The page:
This year, I’ve smacked straight into the central contradiction of professional photography workshops: If your business is doing really well, you probably don’t have time to do lots of workshops about how other people’s businesses can do really well. I felt like it would be just wrong to not do a single NYC workshop the entire year, but there was the tiny problem that I’m booked every weekend until the Christmas season — except for that one weekend I was holding for a clear-my-head vacation.
And then I realized: The week before I’m shooting a wedding in the Berkshires and taking a few days to romp in the fall foliage. The week after I’ll be in Aruba, and then New Orleans. With a job like this, work is all the vacation I need.
But my time away from hosting workshops has given me time to think about how I can improve on them. I know that my past workshops must have been pretty good because of the people who keep coming back to multiple sessions, but I’m never satisfied. I know that there are so many different people out there who are looking for springboards to further their photography, and you all are at different levels in different areas and you all learn in different ways. Whether you’re to broaden your bag of technical skills, find the bridge from being a good photographer to a successful photographer, or just have a great time and network with other professionals while making killer photos, the educator in me wants you to walk away with more than you had when you came in.
How? More focus. More differentiation. More. Two back-to-back workshops, on Saturday and Sunday October 22 and 23rd in NYC, designed to work seamlessly for people who take either or both.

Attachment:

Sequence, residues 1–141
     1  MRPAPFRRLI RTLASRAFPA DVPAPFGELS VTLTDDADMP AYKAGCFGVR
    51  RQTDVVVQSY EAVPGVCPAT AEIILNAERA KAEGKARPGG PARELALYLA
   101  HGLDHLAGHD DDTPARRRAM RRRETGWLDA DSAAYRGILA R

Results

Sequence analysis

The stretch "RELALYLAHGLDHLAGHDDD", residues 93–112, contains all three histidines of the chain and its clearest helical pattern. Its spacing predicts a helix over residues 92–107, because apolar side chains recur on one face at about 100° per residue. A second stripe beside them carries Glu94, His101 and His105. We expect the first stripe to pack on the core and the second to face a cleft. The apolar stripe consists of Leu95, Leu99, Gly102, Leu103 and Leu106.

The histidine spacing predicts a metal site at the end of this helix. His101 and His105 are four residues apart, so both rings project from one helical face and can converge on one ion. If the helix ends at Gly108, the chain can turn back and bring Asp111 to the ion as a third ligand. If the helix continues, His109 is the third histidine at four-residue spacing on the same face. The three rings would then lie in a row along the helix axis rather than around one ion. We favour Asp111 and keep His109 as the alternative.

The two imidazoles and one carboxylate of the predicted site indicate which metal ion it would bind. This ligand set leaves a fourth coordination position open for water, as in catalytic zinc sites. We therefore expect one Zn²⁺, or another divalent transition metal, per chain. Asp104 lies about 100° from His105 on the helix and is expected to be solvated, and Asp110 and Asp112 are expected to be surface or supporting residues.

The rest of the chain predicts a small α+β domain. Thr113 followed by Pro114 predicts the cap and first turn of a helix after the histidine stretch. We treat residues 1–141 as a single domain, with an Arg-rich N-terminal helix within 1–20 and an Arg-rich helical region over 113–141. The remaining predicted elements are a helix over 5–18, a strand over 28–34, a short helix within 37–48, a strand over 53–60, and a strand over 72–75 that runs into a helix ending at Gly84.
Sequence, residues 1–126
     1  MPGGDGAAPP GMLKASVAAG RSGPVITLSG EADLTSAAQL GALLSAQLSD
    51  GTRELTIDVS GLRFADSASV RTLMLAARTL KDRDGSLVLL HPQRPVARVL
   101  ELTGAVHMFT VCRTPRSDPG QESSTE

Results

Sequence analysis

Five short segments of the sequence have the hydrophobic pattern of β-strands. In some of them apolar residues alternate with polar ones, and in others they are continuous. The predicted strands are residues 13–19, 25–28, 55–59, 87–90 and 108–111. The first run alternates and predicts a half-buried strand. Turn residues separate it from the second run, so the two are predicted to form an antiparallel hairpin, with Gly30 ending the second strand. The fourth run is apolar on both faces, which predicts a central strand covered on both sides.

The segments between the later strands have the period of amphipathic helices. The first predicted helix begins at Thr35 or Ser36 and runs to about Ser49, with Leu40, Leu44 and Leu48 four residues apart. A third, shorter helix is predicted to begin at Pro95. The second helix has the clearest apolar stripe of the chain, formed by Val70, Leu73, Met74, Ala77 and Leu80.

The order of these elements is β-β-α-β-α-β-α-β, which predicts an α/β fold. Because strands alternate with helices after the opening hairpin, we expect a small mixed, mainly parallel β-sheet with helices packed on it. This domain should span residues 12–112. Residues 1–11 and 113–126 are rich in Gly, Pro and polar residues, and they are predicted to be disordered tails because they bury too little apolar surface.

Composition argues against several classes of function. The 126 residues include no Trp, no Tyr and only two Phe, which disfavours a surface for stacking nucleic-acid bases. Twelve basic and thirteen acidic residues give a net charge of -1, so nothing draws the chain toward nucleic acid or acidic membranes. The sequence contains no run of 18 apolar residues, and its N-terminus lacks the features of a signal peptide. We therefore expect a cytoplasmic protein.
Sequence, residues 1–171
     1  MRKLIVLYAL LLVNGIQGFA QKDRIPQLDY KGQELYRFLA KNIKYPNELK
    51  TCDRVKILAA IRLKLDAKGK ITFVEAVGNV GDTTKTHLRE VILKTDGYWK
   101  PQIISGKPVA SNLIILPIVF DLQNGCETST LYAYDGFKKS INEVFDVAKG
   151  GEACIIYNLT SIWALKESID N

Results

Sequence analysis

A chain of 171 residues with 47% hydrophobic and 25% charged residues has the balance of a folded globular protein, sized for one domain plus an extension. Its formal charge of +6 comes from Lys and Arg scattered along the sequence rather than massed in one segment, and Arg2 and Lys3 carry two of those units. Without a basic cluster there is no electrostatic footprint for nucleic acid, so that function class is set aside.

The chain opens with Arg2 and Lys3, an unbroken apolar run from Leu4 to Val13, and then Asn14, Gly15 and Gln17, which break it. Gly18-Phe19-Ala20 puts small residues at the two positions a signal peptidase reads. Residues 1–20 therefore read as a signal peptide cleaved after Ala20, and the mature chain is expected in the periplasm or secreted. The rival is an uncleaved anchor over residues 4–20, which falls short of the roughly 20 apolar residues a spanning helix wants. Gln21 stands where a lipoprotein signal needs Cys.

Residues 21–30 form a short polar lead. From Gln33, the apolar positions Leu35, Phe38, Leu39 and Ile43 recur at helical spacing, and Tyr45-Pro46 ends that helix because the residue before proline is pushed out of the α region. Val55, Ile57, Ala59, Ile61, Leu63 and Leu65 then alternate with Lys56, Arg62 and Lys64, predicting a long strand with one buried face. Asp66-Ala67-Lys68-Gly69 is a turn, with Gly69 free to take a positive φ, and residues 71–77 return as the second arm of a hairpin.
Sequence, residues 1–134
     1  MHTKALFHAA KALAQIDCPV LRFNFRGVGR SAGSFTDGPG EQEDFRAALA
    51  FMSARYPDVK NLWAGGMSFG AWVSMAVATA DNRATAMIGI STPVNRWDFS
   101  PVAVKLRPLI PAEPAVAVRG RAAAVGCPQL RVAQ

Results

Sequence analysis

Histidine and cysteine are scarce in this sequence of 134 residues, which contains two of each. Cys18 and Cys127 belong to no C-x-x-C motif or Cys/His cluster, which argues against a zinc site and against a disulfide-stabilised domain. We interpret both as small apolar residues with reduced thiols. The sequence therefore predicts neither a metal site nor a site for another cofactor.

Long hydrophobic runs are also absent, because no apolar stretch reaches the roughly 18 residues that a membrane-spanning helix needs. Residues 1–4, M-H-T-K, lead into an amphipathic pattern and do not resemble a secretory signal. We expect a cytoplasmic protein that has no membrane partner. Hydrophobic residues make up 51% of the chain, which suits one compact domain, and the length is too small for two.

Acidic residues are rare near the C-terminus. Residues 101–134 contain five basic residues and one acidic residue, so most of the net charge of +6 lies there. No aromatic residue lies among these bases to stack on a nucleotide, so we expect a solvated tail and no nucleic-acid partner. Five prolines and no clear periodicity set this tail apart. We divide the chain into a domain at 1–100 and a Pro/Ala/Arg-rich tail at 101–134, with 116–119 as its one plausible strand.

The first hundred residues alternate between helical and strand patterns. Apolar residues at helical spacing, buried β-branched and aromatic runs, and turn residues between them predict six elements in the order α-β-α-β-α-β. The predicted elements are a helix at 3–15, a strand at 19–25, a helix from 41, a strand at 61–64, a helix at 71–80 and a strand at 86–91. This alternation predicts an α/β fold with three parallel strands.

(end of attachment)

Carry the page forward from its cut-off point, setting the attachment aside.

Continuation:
Workshop Day 1: Structured around lessons that will be useful for photographers of any level:
- Turning bad situations into good photos — dealing with bad light, bad locations, altered timelines, awkward subjects, etc.
- Keeping your passion — what to do when your hobby turns into work, or when you feel you’re stuck in a rut
- Pressing your business forward — why am I booked every weekend when there are so many other good photographers out there? I have absolutely no secrets about creating great experiences for clients, getting your work seen by the right people, and everything that happens from turning that initial e-mail into an ecstatic client.
There will be plenty of shooting with individual subjects and couples, generally around structured demonstrations that show you new ways to solve common problems and break down roadblocks. Day 1 is more similar to previous full-day workshops
Workshop Day 2: The primary goal of Day 2 is for every attendee to create insanely awesome images. We’ll have models, make-up artists, lots and lots of on-location shooting, all sorts of crazy equipment — big and small strobes, LED and incandescent continuous lighting, pretty much everything that Nikon has ever made — and just enough guidance to make sure that people aren’t just seeing great images being taken, but actually creating them themselves. Then we will have a shoot review and demonstration of everything that happens after a shoot, from culling to post-processing to telling stories through image display. Day 2 attendance will be capped to a small group.
Or, in short:
Day 1: Structured discussions of the hard-won lessons that can help you stay energized, creative, and successful, even when things in front of you look terrible in every possible way.
Day 2: Learning by doing, a mix of watching how I would take a scene to the next level and the freedom to do it yourselves, both in-camera and in post-processing.
Either day is valuable by itself, but they are designed to be taken together without feeling repetitive.
I know this this short notice for most people. At my last workshop, 85 percent of the attendees flew in from all parts of the globe, and late October is wedding season pretty much everywhere. Because of that, this workshop will have a bit of a discount:
Pricing: Either day costs $350 to attend. Both days cost $600 to attend, and people who attend both days will also get a free digital portfolio review focusing on artistic merit, business perspective, or both.
E-mail email@example.com to register and begin the subject with either “WORKSHOP DAY 1,” “WORKSHOP DAY 2”, or “WORKSHOP BOTH DAYS” depending on your interest.